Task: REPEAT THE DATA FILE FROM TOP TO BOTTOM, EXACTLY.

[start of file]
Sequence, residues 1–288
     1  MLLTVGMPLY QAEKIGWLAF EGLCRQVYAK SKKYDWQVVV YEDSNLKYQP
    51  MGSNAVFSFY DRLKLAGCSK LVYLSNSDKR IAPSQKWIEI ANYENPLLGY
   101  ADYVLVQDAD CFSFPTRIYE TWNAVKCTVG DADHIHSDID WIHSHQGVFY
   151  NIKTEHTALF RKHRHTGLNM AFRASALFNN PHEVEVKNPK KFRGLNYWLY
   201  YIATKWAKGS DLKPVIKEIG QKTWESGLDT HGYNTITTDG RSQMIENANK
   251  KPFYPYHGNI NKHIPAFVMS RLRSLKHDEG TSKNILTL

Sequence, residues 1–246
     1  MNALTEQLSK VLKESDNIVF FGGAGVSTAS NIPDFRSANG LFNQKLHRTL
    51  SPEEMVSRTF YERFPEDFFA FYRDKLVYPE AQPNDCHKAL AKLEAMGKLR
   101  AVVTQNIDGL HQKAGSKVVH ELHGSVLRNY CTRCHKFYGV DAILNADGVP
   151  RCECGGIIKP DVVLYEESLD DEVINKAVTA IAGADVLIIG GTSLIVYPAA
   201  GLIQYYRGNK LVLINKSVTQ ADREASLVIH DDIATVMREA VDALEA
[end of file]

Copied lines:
Sequence, residues 1–288
     1  MLLTVGMPLY QAEKIGWLAF EGLCRQVYAK SKKYDWQVVV YEDSNLKYQP
    51  MGSNAVFSFY DRLKLAGCSK LVYLSNSDKR IAPSQKWIEI ANYENPLLGY
   101  ADYVLVQDAD CFSFPTRIYE TWNAVKCTVG DADHIHSDID WIHSHQGVFY
   151  NIKTEHTALF RKHRHTGLNM AFRASALFNN PHEVEVKNPK KFRGLNYWLY
   201  YIATKWAKGS DLKPVIKEIG QKTWESGLDT HGYNTITTDG RSQMIENANK
   251  KPFYPYHGNI NKHIPAFVMS RLRSLKHDEG TSKNILTL

Sequence, residues 1–246
     1  MNALTEQLSK VLKESDNIVF FGGAGVSTAS NIPDFRSANG LFNQKLHRTL
    51  SPEEMVSRTF YERFPEDFFA FYRDKLVYPE AQPNDCHKAL AKLEAMGKLR
   101  AVVTQNIDGL HQKAGSKVVH ELHGSVLRNY CTRCHKFYGV DAILNADGVP
   151  RCECGGIIKP DVVLYEESLD DEVINKAVTA IAGADVLIIG GTSLIVYPAA
   201  GLIQYYRGNK LVLINKSVTQ ADREASLVIH DDIATVMREA VDALEA